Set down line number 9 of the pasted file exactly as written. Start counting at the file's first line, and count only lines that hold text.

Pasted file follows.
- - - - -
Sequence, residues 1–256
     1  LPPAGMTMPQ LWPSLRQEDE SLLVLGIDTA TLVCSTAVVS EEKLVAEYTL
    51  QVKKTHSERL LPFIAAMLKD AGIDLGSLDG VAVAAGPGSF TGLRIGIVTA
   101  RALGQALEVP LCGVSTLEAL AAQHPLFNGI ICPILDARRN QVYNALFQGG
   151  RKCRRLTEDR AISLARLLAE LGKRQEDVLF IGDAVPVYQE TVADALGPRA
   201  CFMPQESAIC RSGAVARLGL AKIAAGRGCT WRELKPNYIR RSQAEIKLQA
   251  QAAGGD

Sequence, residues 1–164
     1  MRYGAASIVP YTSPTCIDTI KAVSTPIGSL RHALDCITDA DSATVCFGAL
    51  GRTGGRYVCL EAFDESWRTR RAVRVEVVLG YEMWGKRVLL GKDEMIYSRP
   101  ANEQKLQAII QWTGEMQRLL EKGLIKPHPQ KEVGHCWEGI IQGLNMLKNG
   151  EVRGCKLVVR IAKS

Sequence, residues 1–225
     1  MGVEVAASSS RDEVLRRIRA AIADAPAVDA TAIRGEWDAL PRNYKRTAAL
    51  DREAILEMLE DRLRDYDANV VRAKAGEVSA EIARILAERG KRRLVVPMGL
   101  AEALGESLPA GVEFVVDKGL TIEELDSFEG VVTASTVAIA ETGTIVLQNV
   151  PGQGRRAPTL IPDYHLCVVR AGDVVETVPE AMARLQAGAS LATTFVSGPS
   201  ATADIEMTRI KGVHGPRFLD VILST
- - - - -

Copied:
     1  MRYGAASIVP YTSPTCIDTI KAVSTPIGSL RHALDCITDA DSATVCFGAL